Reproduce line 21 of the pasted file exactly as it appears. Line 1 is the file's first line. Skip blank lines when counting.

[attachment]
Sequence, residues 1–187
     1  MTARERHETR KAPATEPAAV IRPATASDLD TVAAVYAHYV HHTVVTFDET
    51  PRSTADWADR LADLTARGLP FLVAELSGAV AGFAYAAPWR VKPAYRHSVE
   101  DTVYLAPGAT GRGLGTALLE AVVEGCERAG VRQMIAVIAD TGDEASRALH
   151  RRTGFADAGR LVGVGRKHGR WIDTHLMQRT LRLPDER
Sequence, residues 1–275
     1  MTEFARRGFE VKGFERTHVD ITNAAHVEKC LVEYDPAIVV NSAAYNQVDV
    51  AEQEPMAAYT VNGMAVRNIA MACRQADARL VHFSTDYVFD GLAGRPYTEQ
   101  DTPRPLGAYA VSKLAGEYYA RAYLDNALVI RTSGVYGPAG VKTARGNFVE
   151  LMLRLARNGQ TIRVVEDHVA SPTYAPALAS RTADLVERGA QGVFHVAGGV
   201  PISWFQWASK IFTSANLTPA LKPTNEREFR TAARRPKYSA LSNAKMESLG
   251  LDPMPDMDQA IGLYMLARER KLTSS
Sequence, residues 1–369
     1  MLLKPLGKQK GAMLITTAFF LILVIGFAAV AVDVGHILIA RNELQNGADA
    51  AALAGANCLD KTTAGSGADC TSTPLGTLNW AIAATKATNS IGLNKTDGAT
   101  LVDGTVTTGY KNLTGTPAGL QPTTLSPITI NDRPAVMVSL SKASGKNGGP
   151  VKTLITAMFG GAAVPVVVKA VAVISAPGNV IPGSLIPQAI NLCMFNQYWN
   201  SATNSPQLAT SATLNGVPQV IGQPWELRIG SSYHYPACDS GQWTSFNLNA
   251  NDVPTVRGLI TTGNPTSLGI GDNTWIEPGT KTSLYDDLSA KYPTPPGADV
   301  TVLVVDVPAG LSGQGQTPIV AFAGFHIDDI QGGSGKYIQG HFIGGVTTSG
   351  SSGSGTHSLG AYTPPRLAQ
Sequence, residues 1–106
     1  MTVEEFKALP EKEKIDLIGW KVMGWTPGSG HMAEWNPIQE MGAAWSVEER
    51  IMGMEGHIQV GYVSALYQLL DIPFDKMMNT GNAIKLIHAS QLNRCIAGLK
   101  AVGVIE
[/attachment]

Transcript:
   351  SSGSGTHSLG AYTPPRLAQ